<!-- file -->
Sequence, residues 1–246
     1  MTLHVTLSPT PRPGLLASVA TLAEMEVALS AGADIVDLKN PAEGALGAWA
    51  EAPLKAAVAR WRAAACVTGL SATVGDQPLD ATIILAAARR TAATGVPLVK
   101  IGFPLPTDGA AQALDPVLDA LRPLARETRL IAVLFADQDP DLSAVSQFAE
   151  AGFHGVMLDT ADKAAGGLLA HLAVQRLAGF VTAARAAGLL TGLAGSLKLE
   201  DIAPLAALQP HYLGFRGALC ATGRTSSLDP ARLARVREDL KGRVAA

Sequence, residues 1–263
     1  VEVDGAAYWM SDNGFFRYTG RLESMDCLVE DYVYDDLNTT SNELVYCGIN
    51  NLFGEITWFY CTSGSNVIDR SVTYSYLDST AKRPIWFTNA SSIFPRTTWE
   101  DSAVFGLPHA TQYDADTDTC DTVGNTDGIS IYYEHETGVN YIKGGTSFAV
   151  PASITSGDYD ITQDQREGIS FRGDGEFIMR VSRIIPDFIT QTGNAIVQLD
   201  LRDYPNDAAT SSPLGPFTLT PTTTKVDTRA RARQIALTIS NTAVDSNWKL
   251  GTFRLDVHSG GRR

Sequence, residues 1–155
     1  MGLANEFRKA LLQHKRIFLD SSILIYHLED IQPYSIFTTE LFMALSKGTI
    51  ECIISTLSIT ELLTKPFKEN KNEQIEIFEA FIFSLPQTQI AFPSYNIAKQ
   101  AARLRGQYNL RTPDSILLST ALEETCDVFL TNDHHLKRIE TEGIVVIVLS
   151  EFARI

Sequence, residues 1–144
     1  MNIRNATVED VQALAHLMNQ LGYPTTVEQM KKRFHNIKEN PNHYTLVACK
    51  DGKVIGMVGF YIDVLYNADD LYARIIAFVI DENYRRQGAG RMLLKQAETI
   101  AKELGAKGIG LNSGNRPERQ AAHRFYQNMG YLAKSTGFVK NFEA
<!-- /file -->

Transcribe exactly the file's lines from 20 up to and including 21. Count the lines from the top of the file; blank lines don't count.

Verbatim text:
     1  MNIRNATVED VQALAHLMNQ LGYPTTVEQM KKRFHNIKEN PNHYTLVACK
    51  DGKVIGMVGF YIDVLYNADD LYARIIAFVI DENYRRQGAG RMLLKQAETI